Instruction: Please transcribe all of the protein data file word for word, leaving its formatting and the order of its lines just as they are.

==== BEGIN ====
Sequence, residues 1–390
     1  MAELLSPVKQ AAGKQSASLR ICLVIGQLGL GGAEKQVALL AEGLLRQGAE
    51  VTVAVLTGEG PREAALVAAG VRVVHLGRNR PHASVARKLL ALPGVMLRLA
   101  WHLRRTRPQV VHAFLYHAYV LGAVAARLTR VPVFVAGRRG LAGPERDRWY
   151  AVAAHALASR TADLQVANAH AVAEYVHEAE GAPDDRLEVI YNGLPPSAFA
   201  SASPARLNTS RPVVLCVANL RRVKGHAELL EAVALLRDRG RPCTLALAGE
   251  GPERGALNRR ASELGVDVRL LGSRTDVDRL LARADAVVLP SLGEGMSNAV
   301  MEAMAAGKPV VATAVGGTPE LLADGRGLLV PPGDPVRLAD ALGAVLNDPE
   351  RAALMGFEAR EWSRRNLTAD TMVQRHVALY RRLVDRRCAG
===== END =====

Sequence, residues 1–390
     1  MAELLSPVKQ AAGKQSASLR ICLVIGQLGL GGAEKQVALL AEGLLRQGAE
    51  VTVAVLTGEG PREAALVAAG VRVVHLGRNR PHASVARKLL ALPGVMLRLA
   101  WHLRRTRPQV VHAFLYHAYV LGAVAARLTR VPVFVAGRRG LAGPERDRWY
   151  AVAAHALASR TADLQVANAH AVAEYVHEAE GAPDDRLEVI YNGLPPSAFA
   201  SASPARLNTS RPVVLCVANL RRVKGHAELL EAVALLRDRG RPCTLALAGE
   251  GPERGALNRR ASELGVDVRL LGSRTDVDRL LARADAVVLP SLGEGMSNAV
   301  MEAMAAGKPV VATAVGGTPE LLADGRGLLV PPGDPVRLAD ALGAVLNDPE
   351  RAALMGFEAR EWSRRNLTAD TMVQRHVALY RRLVDRRCAG